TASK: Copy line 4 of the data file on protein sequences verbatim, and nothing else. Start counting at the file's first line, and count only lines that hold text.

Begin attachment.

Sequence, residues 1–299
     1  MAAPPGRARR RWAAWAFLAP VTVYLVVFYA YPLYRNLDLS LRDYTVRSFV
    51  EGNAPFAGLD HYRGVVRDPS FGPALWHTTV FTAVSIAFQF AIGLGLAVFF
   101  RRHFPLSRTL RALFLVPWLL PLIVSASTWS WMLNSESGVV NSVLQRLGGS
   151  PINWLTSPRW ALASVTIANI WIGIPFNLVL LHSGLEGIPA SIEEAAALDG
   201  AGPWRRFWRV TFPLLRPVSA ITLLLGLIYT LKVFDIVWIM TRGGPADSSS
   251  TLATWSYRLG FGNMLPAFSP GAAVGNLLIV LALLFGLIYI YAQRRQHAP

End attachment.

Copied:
   101  RRHFPLSRTL RALFLVPWLL PLIVSASTWS WMLNSESGVV NSVLQRLGGS